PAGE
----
The latest tack in the ongoing boundary squabble between Brantford and Brant was a decision of Brantford city council Wednesday to “go public” with its side of what led to the letter of intent agreed to on Oct. 24.
Recognizing it’s going to take a bureaucracy like the city’s time to get everything available in a public format, 24 hours after the decision, the city had posted the first pieces of its “go public” documentation on its website.
What did that include?
- The letter of intent, in HTML and PDF format.
- The appendix to the letter, which is the map of the proposed boundary changes and their phasing (a portion of which is seen above).
- The 2006 Growth Management Study completed during the last term of council.
Still pending, based on what was discussed Wednesday, is a Frequently Asked Questions brochure on the letter of intent that explains why the city believes it’s a good solution for managing growth responsibly in both Brantford and Brant.
The 2006 document’s growth projections are stale — these have been updated in the revised Greater Golden Horseshoe Growth Plan. But the city relied on this document and other studies because it consolidates a lot of scientific and technical work done to identify where things are. That science hasn’t changed since 2006.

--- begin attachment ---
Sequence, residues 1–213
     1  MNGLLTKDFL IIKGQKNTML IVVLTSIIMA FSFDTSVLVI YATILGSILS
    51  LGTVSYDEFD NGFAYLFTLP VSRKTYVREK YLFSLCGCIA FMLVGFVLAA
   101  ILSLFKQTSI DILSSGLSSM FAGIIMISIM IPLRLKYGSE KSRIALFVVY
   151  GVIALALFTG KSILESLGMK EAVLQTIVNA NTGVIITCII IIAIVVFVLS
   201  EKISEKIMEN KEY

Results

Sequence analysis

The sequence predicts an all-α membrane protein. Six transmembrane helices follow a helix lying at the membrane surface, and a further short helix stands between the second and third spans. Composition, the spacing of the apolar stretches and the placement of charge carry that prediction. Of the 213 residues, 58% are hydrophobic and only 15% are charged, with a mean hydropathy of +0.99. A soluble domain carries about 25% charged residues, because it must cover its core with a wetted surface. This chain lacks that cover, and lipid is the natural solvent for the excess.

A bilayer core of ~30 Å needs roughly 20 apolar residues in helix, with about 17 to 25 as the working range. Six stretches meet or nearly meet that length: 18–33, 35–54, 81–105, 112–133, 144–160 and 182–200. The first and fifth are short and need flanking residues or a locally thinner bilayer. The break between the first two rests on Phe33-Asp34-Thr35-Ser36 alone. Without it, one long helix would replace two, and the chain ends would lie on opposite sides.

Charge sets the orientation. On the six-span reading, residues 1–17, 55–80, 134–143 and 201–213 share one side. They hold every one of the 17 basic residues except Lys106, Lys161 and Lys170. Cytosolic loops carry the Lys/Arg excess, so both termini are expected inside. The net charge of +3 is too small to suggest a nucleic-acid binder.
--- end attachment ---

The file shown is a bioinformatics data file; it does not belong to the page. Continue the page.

Meaning, the environmental mapping hasn’t changed— it’s been somewhat updated in the County of Brant’s own official plan. The ranking of which areas outside the city border contain the best developable land also hasn’t changed in eight years.
So inform yourselves. Read the study provided to date. Read the letter of intent. Read the FAQ once it’s released.
Then, hold them to account. If you live in the affected area, come to one of the city’s meetings and ask all the questions you can think of about how it’s going to impact you. If you live in Brantford, come and ask why the city believes it needs these lands to handle the growth it’s being asked to accommodate.
For those obsessed with the way negotiations were conducted, come to the meetings and ask those questions too.
The promise is the city will discuss anything related to these negotiations and this letter of intent. Collectively, we need to hold them to that.